As British Prime Minister Theresa May welcomes Israel’s head of state to celebrate the U.K.’s Balfour Declaration issued a hundred years ago on Nov. 2, 1917, Palestinians throughout the world are protesting the statement, which they see as setting the foundation for the Nakba, or ethnic cleansing, of Palestine in 1948, that led to the founding of the state of Israel.
The letter – sent to zionist leader Lord Walter Rothschild by Foreign Secretary Arthur Balfour – was the first public statement by any major power giving support to the establishment of a "national home for the Jewish people” in Palestine.
"His Majesty's government view with favour the establishment in Palestine of a national home for the Jewish people, and will use their best endeavours to facilitate the achievement of this object,” the letter read.
The zionist movement had gained some traction in the U.K., but had failed to gain a foothold in any part of the world, as it sought to establish a Jewish state, contemplating African lands before settling on Palestine, which one leader described as “a land without a people ... for a people without a land.”
The Third Palestinian Congress of 1920 denounced the British government's support of the zionist plan, rejecting the mandate as a violation of Indigenous rights and international law.
Edward Said, a Palestinian academic would later describe the move as being "made by a European power … about a non-European territory … in flat disregard of both the presence and wishes of the native majority residents in that territory."
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The League of Nations legitimized the Balfour Declaration in 1920 when it issued a mandate which ignored the contradiction of a “national home” for the Jewish people – a concept that did not and does not exist in international law – in a region populated by 90 percent Arabs.
The declaration became part of the British Mandate for Palestine after the defeat of the Ottoman Empire by the Allied forces in World War I, effectively turning over most of the lands occupied by the losing side to the winners.
The spoils of war consolidated new colonial powers in the Middle East, with the British leading the way, facilitating the immigration of European Jews to Palestine.
By 1935, the Jewish population grew from 10 percent to 27 percent of the total population.
The British government, who was historically anti-Semitic, used the zionist movement to resolve what it called the “Jewish problem,” encouraging Jewish people to leave Europe, where they were ruthlessly persecuted.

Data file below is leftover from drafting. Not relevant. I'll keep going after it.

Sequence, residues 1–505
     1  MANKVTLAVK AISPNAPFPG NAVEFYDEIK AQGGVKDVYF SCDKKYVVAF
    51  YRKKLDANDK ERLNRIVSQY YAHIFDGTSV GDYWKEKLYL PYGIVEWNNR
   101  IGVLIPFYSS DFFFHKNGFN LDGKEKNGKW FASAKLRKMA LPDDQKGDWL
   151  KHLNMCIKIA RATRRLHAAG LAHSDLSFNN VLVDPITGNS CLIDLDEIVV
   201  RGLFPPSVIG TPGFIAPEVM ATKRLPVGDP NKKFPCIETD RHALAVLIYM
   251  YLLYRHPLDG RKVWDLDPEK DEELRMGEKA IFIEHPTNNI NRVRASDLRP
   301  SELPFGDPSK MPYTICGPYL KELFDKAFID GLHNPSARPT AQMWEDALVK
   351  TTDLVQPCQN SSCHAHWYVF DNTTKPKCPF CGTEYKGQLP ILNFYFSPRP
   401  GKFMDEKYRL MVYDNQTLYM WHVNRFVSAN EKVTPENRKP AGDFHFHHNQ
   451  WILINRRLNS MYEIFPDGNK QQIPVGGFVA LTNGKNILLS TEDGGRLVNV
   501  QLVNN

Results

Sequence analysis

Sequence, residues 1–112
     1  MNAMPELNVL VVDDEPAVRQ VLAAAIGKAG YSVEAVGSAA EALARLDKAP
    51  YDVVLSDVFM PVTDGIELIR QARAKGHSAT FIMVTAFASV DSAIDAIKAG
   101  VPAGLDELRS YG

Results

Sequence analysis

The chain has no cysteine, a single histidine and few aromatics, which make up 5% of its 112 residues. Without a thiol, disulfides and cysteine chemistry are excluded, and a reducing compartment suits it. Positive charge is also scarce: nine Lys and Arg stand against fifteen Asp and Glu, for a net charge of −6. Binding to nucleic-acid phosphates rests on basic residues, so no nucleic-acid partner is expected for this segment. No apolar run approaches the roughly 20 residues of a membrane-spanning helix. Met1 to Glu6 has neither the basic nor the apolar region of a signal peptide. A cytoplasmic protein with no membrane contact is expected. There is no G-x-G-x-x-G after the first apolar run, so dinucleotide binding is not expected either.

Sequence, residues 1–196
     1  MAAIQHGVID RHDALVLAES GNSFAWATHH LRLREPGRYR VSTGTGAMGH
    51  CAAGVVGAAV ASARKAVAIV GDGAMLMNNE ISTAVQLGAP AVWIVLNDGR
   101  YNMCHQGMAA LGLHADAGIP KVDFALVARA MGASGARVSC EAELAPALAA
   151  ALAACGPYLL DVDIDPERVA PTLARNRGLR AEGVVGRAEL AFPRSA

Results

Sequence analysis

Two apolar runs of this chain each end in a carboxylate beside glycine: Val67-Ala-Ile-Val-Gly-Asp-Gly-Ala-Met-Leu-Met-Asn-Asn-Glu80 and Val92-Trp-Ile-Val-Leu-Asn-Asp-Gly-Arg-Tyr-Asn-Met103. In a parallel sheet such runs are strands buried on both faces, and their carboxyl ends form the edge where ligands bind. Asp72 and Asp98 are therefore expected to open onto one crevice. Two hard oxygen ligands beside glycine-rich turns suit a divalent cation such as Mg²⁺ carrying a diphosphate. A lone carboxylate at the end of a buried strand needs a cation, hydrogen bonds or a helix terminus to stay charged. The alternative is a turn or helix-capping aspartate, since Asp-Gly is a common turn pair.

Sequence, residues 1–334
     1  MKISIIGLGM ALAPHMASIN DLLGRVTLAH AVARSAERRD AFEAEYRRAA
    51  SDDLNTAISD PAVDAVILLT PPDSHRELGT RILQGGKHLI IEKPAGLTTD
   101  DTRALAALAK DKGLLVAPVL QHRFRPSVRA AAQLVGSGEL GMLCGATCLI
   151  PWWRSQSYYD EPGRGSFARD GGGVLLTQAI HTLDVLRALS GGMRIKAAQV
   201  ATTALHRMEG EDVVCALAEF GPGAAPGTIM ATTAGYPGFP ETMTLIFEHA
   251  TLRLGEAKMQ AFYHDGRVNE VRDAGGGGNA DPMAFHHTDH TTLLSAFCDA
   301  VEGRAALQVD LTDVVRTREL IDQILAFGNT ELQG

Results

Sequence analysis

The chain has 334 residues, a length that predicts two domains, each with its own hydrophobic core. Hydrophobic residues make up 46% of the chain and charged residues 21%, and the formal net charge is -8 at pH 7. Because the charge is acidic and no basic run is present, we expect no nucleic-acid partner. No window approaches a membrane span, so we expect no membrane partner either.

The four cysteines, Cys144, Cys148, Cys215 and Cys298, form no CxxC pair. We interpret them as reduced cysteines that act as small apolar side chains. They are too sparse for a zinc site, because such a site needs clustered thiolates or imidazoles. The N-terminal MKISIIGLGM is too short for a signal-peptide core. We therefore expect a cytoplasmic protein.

More importantly, the British empire was looking to protect its interests in the region, including raw materials and the Suez Canal, with its access to trade with the East.
“It would be a blow to England if either of her rivals should get hold of Syria. She must preserve Syria for herself,” Lord Shaftesbury, a British politician, said as early as 1876.
Zionist leader Zeev Jabotinsky made it perfectly clear, “If you wish to colonize a land in which another people are already living, you must provide a garrison or find a benefactor to maintain the garrison on your behalf,” adding that the zionist colony would “expand the British empire even further than intended by the British themselves.”
In the Hussein-McMahon Correspondence of 1915, the U.K. had promised the Arabs independence from the Ottoman Empire, but with the new British Mandate, Palestine became a British colony until 1947 when the U.K. transferred the question of Palestine to the newly-formed United Nations.
Thus, the second part of Balfour’s letter, where he promised that “nothing shall be done which may prejudice the civil and religious rights of existing non-Jewish communities in Palestine, or the rights and political status enjoyed by Jews in any other country," was never realized.
In the 30 years of occupation, with the approval of the United States and France, the U.K. trained, armed and financed the zionist takeover of Palestine, which culminated with the expulsion of over 750,000 Palestinians from their homeland, to make way for the state of Israel in 1948.
It built up zionist self-governing institutions while denying that right to the Palestinians.
It used collective punishment, demolitions, and emergency laws against the resisting Palestinian people, tactics that were quickly adopted by the Israeli state.
"Anyone who looks at the methods the British used in Palestine during the 1930s will see strong parallels with what Israel is doing today," David Cronin, author of “Balfour's Shadow,” said.
Balfour, as well as colonial secretary Winston Churchill, both later admitted that from the beginning, it was clear that a “national home” meant a Jewish state.